“The only way to save the Grove, or any other community in Miami-Dade, is to make pockets of living areas where you don’t need to leave, where you have shopping, school, church, parks in one neighborhood,” said Marcelo Fernandes, a Grove activist and homebuilder who serves as chairman of the Coconut Grove Village Council, an elected body that advises the city. “I think offices is good. Retail is good.”
Such development fosters increased walkability and walking, a critical element in reducing automobile use, planners and developers emphasize.
“More people walking promotes more people walking,” Terra’s Martin said. “That’s one feature of the Grove we’d like to see more of.”
But Fernandes, echoing a broad consensus among longtime Grove residents, also warns that too much development in the village center could obliterate the small-scale charm that makes the place so appealing in the first place. Fernandes said the city needs to be vigilant and close zoning loopholes that permit occasional abuses by developers.
Because zoning across much of the commercial center allows buildings up to five stories, he said, developers could in theory replace much of its mostly one- and two-story fabric with denser construction. Or they could seek waivers to go even higher — though that would likely ignite a political firestorm from Groveites, known for zealously guarding the neighborhood’s historic feel.
“There’s a finite number of buildings and people that can occupy the Grove. If everything gets built that’s allowed as of right, we’re going to get killed,” he said. “It’s getting to be a bit much. Most people are a little surprised there is so much density going in. The idea is not to stop it, but to keep it from steamrolling us.”
It’s not just the increased height and density that sends some Groveites into conniptions, though. It’s also the sleekly modern architectural style that Arquitectonica exemplifies and that Grove developers have embraced. It’s meant the replacement of some old buildings made of stucco, brick and masonry with steel and glass.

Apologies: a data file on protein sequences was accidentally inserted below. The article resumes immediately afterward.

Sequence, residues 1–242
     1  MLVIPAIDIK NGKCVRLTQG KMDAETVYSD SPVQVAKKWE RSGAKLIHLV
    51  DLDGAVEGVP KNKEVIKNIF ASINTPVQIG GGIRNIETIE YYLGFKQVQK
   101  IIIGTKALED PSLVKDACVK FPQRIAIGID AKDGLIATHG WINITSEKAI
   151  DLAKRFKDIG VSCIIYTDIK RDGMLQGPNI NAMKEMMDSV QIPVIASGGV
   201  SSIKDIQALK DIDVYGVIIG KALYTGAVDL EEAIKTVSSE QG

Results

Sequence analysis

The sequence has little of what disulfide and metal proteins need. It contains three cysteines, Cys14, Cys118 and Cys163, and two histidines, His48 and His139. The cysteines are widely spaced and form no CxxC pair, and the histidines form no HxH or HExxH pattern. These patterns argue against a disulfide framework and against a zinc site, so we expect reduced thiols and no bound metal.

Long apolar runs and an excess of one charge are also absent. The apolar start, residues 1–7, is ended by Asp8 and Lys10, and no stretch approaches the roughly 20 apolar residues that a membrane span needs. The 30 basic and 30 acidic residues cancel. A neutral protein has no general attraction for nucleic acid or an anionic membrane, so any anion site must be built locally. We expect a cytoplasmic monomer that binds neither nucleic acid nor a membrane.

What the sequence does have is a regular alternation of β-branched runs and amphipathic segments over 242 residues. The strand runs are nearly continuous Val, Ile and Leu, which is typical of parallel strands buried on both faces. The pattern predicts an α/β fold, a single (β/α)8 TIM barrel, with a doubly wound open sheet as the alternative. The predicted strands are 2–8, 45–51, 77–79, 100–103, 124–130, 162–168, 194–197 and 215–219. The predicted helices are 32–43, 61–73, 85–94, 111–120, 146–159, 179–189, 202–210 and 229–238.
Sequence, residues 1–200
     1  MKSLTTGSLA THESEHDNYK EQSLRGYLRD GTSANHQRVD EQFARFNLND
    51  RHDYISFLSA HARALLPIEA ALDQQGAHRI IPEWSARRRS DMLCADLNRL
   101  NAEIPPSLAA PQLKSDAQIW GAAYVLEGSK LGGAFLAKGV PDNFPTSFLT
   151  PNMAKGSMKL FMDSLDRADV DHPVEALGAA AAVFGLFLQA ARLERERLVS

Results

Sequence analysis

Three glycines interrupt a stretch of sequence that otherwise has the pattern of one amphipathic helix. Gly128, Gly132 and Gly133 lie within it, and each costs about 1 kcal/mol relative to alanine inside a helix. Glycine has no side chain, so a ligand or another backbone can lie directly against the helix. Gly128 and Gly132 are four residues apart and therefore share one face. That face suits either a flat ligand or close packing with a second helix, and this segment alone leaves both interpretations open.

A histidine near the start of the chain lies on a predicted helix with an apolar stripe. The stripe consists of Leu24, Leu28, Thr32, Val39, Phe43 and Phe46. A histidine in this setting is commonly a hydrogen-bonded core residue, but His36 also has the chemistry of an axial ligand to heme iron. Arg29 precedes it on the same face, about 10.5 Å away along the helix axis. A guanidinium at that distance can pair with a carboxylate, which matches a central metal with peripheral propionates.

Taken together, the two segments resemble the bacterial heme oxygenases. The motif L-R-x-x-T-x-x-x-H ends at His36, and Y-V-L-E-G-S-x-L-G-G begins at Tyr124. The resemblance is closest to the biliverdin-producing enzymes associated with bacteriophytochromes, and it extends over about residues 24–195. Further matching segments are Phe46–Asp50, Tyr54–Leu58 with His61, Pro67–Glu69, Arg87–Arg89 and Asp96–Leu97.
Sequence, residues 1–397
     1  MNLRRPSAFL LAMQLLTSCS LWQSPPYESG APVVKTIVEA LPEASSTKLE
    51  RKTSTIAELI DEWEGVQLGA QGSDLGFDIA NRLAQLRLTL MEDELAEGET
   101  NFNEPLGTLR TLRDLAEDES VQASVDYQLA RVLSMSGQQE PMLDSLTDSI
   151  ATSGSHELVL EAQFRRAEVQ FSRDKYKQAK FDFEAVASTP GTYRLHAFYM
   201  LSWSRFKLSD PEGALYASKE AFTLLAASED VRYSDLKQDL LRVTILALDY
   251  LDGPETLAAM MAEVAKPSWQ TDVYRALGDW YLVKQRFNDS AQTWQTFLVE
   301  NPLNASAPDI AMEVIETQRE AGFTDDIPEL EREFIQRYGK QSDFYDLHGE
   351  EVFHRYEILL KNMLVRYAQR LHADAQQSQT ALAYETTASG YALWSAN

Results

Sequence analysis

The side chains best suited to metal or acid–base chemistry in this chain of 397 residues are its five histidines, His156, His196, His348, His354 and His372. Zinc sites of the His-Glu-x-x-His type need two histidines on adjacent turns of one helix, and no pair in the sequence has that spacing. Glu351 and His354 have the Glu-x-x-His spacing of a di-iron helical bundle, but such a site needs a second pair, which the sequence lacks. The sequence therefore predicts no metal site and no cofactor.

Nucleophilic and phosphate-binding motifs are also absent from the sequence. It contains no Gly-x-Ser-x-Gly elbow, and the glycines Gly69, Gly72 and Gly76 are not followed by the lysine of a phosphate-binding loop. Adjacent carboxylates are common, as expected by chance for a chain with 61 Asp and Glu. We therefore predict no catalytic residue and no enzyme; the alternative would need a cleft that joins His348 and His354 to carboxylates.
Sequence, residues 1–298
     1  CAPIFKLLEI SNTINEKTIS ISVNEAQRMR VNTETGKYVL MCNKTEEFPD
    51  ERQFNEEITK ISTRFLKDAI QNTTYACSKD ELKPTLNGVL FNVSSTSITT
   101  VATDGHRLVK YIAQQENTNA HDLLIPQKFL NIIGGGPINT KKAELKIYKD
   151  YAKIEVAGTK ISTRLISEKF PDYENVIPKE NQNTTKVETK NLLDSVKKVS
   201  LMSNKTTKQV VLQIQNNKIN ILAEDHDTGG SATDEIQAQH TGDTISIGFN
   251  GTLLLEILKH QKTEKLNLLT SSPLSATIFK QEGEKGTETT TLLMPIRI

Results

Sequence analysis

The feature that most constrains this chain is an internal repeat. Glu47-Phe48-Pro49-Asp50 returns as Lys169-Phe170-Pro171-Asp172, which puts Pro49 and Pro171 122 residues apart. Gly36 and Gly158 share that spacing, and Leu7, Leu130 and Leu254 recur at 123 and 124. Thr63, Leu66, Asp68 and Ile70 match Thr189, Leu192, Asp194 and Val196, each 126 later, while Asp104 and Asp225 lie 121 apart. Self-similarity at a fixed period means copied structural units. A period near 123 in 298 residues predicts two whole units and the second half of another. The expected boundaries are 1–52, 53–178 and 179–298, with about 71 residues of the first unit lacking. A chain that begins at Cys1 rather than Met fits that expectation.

By far the most controversial is Miami-Dade County’s planned redevelopment of the historic but long-shuttered Coconut Grove Playhouse in the village center. The county plan, which goes to a key vote before the city planning board Sept. 5, would restore the theater’s wing-shaped front building but replace its auditorium with a smaller, minimalist stand-alone theater designed by Arquitectonica.
“The Grove is being ruined,” groused longtime resident Harry Gottlieb, who said contemporary architecture is fine — somewhere else. “Some of us who have been here 30 years don’t like the changes.”
The issue, he noted, is that only one building in the village center, the long-shuttered Playhouse, is protected by historic designation by the city. The commercial center needs more designations and better architectural controls for hew construction, Gottlieb said.
“Coconut Grove is one of the most historic neighborhoods of Miami, but nothing is designated, so anything can go up,” he said.
Not to mention that everything has gotten expensive, including lunch, he said. The prices and the affluent-hipster approach in combination with the physical changes, conspire to alienate many oldtimers, he acknowledged.